This exquisitely refined set of jain monk bowls is handmade in Rajasthan, India by the Kharadi muslims for use by the Shwetamber sect of Jain monks. The white-robed Jain monks take five ethical vows—this includes renouncing all wordly possessions, including their name—owning only these nine alms bowls presented to them by their followers. In a journey of humility, the monks travel on foot with only their nesting bowls, going door to door, village to village, seeking followers who fill them with food.
Now an almost extinct woodworking art practiced by only 30 families in the region, the begging bowls or “bhiksha patra” are lathed from local rohida wood, prized for its dense grain and strength. No wood is wasted, with each of the nine bowls scooped from the heart of the bowl before it.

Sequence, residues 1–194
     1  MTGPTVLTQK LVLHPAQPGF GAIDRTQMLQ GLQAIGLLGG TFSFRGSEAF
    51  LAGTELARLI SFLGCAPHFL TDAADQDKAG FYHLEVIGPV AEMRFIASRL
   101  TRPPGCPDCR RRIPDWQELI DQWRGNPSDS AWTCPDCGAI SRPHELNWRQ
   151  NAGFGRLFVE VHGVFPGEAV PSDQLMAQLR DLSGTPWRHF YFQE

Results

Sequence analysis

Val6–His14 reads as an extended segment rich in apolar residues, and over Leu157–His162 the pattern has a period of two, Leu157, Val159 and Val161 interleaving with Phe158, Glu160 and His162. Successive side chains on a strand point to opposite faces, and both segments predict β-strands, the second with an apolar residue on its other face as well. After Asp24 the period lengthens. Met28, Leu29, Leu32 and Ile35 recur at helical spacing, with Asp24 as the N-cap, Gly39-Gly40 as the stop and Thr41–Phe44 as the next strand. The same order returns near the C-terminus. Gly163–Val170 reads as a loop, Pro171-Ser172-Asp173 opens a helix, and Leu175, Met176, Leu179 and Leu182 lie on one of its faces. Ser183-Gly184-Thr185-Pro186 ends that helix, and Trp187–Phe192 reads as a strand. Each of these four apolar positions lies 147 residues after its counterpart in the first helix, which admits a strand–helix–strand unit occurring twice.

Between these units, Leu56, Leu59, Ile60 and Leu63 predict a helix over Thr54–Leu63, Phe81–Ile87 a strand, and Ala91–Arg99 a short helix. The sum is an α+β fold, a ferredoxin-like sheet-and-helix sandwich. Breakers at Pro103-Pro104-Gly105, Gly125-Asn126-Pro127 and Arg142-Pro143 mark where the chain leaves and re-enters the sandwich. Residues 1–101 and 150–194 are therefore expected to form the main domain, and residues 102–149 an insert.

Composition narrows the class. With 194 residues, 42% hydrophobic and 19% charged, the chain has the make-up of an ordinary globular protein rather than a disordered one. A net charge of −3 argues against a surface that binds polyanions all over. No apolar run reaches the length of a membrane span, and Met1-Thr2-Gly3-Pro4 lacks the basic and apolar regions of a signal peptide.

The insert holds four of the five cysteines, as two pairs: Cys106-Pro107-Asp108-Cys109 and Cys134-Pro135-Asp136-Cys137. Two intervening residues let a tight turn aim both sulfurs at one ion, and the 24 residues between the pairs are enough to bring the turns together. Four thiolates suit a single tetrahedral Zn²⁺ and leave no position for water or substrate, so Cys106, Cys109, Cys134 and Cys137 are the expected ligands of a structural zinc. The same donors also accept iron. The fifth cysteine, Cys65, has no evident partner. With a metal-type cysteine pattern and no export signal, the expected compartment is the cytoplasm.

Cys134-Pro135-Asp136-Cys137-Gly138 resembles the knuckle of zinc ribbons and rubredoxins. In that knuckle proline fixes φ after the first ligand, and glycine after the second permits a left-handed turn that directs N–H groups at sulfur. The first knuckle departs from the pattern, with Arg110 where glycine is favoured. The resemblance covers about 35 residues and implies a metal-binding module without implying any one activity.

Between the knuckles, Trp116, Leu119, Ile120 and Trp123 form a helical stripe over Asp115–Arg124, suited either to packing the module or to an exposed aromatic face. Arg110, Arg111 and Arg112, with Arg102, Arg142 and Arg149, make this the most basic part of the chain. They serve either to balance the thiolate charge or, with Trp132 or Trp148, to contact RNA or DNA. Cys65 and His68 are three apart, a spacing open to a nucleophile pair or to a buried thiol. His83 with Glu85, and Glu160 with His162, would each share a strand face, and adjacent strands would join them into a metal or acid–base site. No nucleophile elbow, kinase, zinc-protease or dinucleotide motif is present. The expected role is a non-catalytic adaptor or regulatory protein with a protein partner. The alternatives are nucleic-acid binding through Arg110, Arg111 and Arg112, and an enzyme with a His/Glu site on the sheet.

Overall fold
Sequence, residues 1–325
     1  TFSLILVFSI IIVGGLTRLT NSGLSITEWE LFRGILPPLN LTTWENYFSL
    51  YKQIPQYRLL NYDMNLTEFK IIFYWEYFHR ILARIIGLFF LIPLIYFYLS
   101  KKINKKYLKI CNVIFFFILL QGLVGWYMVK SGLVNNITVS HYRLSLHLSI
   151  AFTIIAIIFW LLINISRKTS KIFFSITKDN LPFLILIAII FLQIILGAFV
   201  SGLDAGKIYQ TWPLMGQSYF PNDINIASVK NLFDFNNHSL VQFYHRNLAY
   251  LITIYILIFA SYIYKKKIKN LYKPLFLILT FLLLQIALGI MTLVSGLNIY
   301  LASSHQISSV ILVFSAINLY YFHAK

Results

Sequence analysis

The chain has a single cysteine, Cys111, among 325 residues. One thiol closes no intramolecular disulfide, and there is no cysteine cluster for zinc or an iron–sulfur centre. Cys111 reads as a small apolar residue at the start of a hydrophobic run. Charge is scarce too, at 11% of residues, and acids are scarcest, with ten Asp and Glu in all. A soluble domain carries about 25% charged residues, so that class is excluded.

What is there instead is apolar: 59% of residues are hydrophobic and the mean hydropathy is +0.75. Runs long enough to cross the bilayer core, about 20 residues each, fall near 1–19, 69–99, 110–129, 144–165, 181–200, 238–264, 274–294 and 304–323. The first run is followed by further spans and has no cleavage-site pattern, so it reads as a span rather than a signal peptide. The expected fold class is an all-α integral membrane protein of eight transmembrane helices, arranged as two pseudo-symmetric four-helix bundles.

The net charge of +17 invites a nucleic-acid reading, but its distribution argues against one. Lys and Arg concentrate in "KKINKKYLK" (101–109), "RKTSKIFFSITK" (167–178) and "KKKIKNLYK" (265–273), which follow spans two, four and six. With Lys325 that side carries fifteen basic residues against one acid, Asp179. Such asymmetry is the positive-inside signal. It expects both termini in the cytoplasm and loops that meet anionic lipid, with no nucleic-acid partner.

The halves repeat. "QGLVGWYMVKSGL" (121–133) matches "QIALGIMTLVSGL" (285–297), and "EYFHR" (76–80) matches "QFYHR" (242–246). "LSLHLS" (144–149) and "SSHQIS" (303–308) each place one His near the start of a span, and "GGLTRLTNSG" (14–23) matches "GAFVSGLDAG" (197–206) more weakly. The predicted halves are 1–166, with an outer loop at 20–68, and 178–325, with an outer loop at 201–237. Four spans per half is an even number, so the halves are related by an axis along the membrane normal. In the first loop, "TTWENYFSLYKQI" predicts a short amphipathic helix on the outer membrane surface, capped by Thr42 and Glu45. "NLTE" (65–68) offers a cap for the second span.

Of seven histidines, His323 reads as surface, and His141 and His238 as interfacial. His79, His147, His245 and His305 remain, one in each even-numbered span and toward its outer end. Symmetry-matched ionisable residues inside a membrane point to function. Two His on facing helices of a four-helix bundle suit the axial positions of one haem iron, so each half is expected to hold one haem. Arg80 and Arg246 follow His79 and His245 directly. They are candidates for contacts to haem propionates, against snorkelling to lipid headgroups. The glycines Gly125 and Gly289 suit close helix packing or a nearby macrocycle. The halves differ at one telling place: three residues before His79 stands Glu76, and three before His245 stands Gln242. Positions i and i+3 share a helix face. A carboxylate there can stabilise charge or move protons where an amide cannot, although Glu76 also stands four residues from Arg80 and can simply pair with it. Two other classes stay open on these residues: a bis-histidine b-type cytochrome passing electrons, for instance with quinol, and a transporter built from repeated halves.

Artisans apprentice for years to make these bowls by first making simple coasters and progressively improving their skill level once each has been mastered. In addition to the difficulty of carving a smaller bowl from the heart of a larger bowl, the walls are only 1/16-inch thin which further tests their skills.
As a continuation of their vow to renounce worldly possessions, when the bowls are no longer of use they are broken into pieces, buried and returned to the earth.